So, in our view you pay considerably more for the inverter when you buy it, it might or might not use less electricity but these savings are offset by high repair costs.
Manufacturers are aware of these circuit board problems. We have read that Panasonic and Mitsubishi Heavy Industries are silicone coating their exterior circuit boards. Maybe this will help. Time will tell.
Now if you live in a place with no lizards, mice and ants, maybe the 20th floor of a Makati condo, an inverter might be the best choice. In fact inverters may be a good choice in many urban locations. If expensive repairs are not needed, they can save money. If you live in a suburban or rural area with some greenery, think twice before choosing an inverter unit. You heard it here. You’ll never hear it from a salesperson.
Here is the perspective of one recycler of air conditioning units on inverter air conditioners. Video about inverter air conditioners There is also many accounts and opinions on the Whirlpool Forums forum. Spending some time in these forums will give you a sense of the problems ordinary users have with their air conditioning units.
While the salesmen and manufacturers promote inverter units and fail to tell the customer about the problems, don’t bother to ask them to repair the units under warranty after the first year. Your gecko problem is your gecko problem and you pay for repairs. In other words, you were a fool to buy such a unit in an area populated by geckos. That is basically what Samsung has told us.
In the end we were forced to remove our Samsung inverter with a Daikin conventional unit. This is a steep financial loss, but it was a chance to test a theory of mine. After thought and research, I hypothesized that a top quality “undersized” conventional unit is the best choice for us. The Daikin 1 HP FTJ10JXVL9 we installed is rated at 9,500 kJ/h, about 2,000 kJ/h less that the Samsung we removed. Our bedroom is about 25 square meters. It definitely will not meet the standard promoted my the manufacturers who want you to install an expensive 1.5 or 2.0 HP inverter unit for this size room based on 35C outside temperature. The Daikin was installed on a hot day and definitely ran continuously and cooled the room to an acceptable temperature. Running continuously is highly efficient (the compressor is never cycling on and off) and does a good job of dehumidification. Our actual use is air con when we sleep. When we go to bed, both the inside and outside air temperatures are well lower than those proposed by the air con manufacturers. Therefore the 1 HP Daikin will be more than adequate. The Daikin has a rated cooling efficiency of 10.70 kJ/h.W, nearly as good as the inverter unit it is replacing.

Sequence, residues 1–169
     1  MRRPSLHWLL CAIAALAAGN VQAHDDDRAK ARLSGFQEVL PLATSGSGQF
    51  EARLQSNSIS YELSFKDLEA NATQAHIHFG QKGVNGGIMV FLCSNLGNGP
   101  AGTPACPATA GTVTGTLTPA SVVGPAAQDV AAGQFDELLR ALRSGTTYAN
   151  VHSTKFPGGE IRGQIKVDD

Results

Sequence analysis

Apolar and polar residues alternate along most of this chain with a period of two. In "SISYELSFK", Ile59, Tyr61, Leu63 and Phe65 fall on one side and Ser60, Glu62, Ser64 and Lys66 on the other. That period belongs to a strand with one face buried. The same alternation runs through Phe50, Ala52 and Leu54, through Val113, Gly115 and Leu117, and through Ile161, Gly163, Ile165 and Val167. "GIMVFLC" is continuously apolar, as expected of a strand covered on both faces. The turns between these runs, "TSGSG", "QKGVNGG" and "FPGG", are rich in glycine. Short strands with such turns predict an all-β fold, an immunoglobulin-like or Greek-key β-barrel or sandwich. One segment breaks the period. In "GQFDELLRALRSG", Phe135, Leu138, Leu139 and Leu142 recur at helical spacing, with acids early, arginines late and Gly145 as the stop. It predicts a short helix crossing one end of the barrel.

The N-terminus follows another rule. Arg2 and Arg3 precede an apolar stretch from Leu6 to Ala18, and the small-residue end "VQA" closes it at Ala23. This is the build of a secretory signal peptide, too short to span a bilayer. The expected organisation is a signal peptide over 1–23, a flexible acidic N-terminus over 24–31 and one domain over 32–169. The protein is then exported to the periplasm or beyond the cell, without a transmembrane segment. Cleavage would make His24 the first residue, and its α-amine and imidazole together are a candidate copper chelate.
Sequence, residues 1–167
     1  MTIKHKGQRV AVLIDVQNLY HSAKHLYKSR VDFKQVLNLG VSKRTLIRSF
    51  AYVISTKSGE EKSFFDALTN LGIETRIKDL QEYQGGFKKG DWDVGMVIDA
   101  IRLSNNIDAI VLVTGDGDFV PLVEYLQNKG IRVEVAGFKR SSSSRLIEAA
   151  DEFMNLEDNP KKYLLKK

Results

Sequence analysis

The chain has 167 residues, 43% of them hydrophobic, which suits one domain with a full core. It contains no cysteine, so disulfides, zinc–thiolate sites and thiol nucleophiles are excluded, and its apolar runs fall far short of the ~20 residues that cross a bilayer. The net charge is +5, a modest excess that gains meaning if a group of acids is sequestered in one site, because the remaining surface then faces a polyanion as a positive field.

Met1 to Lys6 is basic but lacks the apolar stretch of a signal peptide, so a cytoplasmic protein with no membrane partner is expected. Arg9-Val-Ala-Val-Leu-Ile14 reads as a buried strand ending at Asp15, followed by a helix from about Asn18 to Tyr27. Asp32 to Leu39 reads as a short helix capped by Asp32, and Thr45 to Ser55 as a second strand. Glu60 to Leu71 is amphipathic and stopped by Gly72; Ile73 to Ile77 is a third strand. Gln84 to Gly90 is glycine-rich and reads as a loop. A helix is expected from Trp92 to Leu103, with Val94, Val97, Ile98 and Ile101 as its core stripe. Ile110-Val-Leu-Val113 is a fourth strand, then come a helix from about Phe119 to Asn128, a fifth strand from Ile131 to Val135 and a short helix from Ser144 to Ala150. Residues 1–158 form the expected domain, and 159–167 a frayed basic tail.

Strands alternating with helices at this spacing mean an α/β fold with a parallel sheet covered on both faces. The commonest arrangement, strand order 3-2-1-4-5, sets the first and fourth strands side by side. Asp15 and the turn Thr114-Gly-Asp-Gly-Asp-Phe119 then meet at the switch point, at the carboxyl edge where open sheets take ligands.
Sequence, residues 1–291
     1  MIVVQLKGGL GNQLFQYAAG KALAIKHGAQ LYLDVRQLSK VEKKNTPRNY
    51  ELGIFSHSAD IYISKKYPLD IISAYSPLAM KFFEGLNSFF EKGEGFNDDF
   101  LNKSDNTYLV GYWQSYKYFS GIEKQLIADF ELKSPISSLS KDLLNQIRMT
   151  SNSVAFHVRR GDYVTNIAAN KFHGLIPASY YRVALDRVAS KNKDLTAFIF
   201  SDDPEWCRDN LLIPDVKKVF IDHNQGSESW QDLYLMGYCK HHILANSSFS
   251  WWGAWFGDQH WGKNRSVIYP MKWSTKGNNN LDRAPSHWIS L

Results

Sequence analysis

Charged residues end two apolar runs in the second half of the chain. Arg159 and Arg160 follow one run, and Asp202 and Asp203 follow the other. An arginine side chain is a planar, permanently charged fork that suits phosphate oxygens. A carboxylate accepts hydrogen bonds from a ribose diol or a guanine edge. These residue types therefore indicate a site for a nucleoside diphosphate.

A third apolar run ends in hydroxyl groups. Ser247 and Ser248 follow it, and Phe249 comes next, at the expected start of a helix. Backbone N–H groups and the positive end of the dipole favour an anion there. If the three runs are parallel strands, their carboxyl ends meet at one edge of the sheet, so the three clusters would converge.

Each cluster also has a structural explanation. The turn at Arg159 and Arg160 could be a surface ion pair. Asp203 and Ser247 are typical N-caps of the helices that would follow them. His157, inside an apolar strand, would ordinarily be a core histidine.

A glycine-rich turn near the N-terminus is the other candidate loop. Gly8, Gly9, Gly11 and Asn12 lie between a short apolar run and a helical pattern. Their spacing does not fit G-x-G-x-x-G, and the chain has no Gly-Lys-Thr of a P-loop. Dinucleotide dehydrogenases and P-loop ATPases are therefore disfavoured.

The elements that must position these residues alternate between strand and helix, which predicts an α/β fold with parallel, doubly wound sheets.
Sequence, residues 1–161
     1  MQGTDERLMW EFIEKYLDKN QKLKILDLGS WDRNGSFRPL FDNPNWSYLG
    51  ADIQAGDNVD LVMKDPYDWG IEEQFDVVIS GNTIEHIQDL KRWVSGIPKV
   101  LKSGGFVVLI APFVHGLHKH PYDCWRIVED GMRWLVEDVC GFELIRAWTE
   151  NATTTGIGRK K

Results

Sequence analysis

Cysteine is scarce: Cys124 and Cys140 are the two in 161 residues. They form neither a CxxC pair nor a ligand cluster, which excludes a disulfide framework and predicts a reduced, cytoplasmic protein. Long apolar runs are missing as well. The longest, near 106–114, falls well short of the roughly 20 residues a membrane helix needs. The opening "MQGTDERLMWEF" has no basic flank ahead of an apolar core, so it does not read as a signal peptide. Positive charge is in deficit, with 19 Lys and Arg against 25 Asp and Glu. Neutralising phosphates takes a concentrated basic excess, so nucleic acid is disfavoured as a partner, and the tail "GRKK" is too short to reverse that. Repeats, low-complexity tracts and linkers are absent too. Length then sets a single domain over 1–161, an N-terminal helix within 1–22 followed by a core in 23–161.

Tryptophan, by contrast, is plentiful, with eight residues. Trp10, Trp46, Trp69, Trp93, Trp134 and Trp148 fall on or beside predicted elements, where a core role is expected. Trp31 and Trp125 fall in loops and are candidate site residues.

So this is how we are saving money. Our Daikin cost about P25,000 installed. A 1.5 or 2HP inverter from one of the major brands would have cost at least P15,000 more, installed. The Daikin will run for years or maybe decades without significant repairs because of its mechanical and electrical simplicity. Our Samsung required nearly P6,000 in repairs per year.
We are very disappointed with Samsung, for selling us a unit unsuited to our gecko-infested rural area and then being unwilling to make repairs except at our full expense.
We bought two Samsung split air conditioners in 2011. The Samsung Inverter has been nothing but trouble, but to be fair the 1HP non-inverter Samsung split we bought at the same time has been excellent. It is made in China. The outdoor unit is of sturdy plastic, not susceptible to rusting as the steel casings are. The condenser fins have resisted corrosion better than the inverter unit even though the conventional unit is more exposed to salt air than is the inverter. It’s a well-built trouble free unit.
Daikin is a Japanese company with an excellent reputation, but its air conditioners are made in various countries. Our Daikin was made in Malaysia. We also feel Panasonic makes quality air conditioners but in the one horsepower conventional category the Daikin offered 500 kJ/h more cooling and more cooling per Watt.